If the last federal election promised the beginnings of a break from the two-parties-for-capitalism electoral system that has plagued Australian politics for the past century, the March 29, 2011 NSW election seems to be a lurch in the other direction.
The Liberal-National Coalition won dominance of the Legislative Assembly and (with small right-wing parties) control of the Legislative Council because a large number of working class voters punished the Labor party with a -13.5% swing.
The Sydney Morning Herald estimated that 623,500 voters deserted the ALP and most of these voted for the Coalition.
The Greens vote increased by about 2% in the Legislative Council and probably gained one seat there (giving them a likely five seats in this upper house). But the Greens appear to have failed to win the Legislative Assembly seat of Marrickville, which they were tipped to win. The Greens may have a chance of winning Balmain after distribution of preferences – but it will be tight.
The left-wing independent Gordon Bradbery, a popular Wesley Uniting Church minister who was sacked for his progressive views, looks like winning the seat of Wollongong. The Socialist Alliance and other leftists in Wollongong supported his campaign.
The Socialist Alliance increased slightly or held its vote. Pip Hinman, its well-recognised candidate, got 1.9% of the vote in Marrickville (1.6% in the 2007 election). The Socialist Equality Party also stood James Cogan as an independent in this seat and took 1.3% with the top spot on the ballot paper.
Zane Alcorn, another well-known Socialist Alliance candidate, won 1.7% in Newcastle and Rod Noble, a leader of the Progressive Labour Party, won 3% stranding as an independent in the same seat.
Duncan Roden, who ran in the federal election in the same area, won 1.6% in Parramatta. Paola Harvey won 1.4% in Keira (one of the seats in the Illawarra area). Daicy Olya, a late Socialist Alliance candidate in Fairfield, won 0.7% of the vote.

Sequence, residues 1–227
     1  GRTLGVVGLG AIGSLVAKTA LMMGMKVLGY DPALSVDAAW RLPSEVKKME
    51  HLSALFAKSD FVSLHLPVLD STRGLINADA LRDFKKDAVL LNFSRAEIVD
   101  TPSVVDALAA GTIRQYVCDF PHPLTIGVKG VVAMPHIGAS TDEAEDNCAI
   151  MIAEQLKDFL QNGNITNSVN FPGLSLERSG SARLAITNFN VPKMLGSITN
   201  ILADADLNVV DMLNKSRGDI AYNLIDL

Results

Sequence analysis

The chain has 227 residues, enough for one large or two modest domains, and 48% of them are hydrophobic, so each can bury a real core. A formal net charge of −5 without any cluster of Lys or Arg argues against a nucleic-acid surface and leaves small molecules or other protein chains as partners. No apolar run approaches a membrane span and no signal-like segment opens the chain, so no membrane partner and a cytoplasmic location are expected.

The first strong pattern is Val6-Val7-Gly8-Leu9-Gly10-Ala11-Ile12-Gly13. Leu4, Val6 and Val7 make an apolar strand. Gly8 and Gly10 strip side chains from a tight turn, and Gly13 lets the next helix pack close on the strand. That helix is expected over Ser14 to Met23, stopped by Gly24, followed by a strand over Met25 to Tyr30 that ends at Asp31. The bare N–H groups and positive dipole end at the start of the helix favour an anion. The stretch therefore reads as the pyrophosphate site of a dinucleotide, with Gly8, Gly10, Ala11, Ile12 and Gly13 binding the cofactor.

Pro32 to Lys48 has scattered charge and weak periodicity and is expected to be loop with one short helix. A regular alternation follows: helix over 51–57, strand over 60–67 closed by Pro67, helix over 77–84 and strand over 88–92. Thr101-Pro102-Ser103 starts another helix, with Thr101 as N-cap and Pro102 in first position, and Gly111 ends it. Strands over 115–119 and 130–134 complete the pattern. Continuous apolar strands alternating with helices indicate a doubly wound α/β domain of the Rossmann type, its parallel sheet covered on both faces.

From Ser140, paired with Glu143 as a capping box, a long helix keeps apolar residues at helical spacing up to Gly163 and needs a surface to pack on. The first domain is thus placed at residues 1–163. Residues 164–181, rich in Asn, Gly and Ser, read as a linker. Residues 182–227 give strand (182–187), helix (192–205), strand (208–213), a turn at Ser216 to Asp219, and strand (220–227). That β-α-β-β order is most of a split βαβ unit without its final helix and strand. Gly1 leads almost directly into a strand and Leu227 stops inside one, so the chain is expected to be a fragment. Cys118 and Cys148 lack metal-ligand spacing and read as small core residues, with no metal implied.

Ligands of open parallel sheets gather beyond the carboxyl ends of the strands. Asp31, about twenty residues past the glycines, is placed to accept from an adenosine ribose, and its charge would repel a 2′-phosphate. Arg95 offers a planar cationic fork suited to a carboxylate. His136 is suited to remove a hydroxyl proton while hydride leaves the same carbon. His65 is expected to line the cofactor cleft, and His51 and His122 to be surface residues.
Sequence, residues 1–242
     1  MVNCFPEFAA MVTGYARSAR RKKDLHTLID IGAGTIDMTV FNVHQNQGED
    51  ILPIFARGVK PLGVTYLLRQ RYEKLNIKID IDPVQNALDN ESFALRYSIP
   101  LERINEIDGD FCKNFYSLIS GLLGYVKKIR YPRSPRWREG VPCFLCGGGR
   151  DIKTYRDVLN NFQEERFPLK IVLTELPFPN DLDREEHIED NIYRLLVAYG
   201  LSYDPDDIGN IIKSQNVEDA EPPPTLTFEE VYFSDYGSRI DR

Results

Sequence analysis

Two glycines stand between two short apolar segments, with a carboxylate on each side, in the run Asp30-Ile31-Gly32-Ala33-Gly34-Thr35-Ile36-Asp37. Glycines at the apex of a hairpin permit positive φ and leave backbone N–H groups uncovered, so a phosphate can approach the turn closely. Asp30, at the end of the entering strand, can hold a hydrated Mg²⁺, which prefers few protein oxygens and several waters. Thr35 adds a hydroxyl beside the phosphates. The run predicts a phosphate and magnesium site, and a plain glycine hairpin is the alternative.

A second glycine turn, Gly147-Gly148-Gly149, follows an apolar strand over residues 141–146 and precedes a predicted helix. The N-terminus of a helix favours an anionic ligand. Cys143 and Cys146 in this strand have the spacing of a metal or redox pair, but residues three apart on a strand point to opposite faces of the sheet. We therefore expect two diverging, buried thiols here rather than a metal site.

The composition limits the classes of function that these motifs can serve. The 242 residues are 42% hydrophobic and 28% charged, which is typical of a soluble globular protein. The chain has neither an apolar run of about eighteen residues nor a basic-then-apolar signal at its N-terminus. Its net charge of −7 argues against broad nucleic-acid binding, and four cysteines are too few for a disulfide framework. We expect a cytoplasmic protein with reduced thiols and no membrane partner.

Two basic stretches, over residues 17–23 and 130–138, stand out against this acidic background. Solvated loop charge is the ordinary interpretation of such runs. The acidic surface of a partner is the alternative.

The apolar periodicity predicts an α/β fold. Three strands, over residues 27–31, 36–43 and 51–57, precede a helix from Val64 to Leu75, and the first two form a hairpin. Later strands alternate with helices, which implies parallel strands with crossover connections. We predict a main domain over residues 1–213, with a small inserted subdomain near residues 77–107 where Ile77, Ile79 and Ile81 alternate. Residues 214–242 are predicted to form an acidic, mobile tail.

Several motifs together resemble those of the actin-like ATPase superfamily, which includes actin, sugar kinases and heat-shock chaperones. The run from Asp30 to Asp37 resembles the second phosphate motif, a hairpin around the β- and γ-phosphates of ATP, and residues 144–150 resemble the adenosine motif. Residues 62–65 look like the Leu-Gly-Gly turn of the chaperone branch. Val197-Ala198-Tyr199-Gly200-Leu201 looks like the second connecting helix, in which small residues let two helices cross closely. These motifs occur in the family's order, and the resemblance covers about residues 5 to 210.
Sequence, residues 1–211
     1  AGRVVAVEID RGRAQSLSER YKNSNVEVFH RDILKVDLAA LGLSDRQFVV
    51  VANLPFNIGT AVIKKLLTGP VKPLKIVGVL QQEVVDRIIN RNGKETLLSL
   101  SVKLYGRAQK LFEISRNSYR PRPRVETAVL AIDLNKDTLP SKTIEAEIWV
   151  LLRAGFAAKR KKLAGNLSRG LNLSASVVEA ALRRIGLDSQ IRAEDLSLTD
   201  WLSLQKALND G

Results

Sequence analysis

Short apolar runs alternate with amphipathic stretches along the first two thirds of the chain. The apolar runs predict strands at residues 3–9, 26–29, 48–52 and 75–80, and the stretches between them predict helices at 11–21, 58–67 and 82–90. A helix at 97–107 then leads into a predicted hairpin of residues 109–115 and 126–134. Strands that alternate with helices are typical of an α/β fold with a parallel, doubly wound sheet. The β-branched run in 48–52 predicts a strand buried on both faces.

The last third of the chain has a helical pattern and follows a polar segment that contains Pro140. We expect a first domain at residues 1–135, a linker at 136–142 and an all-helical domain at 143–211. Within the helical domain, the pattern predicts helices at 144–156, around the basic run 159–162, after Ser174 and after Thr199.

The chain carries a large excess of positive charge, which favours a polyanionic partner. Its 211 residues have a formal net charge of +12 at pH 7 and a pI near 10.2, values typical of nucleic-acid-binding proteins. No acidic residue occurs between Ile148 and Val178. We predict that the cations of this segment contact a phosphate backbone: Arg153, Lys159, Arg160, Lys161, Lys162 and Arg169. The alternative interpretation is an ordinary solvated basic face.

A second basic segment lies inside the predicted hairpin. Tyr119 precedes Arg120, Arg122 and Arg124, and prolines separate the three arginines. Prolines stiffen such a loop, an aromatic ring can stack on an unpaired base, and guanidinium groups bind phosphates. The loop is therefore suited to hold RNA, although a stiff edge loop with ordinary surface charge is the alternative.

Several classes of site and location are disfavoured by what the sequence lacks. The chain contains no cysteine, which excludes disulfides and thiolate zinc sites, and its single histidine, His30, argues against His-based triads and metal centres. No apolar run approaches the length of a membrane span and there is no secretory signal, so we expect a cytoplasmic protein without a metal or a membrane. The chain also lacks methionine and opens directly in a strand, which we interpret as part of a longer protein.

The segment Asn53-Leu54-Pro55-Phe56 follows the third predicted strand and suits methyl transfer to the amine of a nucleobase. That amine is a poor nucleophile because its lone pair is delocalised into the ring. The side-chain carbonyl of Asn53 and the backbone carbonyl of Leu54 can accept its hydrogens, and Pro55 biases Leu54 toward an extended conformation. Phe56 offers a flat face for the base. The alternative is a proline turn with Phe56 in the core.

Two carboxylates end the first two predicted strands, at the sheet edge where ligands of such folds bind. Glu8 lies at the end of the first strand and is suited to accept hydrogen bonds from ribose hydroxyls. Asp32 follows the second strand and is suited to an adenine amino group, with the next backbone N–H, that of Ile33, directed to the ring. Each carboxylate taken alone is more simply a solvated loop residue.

In the Legislative Council, where the Socialist Alliance won 15,142 votes in 2007, it appeared to be down slightly by 0.15%.
The Socialist Alliance used its election campaign to further unify the left. Its Legislative Council ticket included several left independents and several leftists who had just broken from the Labor party.
The Socialist Alliance and the Communist Party of Australia also initiated a joint left statement on the elections and CPA members helped out with the Socialist Alliance campaign in western Sydney on polling day.
The critical dynamic of this election was the large number of traditional Labor voters in working-class areas deserting straight to the Liberal-National Coalition rather than to the Greens or to left-wing parties.
Many progressive booth workers reported the heart-sinking sight of many working-class voters grabbing just the Liberal how-to-votes and rushing into the polling booth.
Some in the Greens may be thinking their party needs to abandon some of its more progressive policies to win more votes. But in reality, what the Greens should do is be more conscious of working class interests.
The party alienated many working class people with its embrace of the Gillard federal Labor party’s regressive carbon pricing scheme (which is to morph into a pollution rights trading scheme). This gave the climate change denialists a free kick.
If the Greens want to win the mass of working people to the fight for serious action on the climate change crisis, they need to champion public investment in renewable energy and public transport, funded by taxing the big corporations, which are ripping out record super profits and are also the biggest polluters.
Regressive carbon taxes (which operate like the GST to shift the tax burden from the rich to the poor) will not produce the scale or urgency of investment needed. They will destroy the chance of mobilising the great majority against the powerful vested interests that are blocking real action on climate change.
The left needs to work harder to unify and work closely with the Greens to advance progressive struggles.
If we want to reverse this lurch back to the two-party system (in which the working class alternately punishes and rewards Labor or the Coalition and gets absolutely nowhere) the Greens and the left need to reach out more effectively into working class heartlands.
[Peter Boyle was the Socialist Alliance lead upper house candidate in the NSW elections.]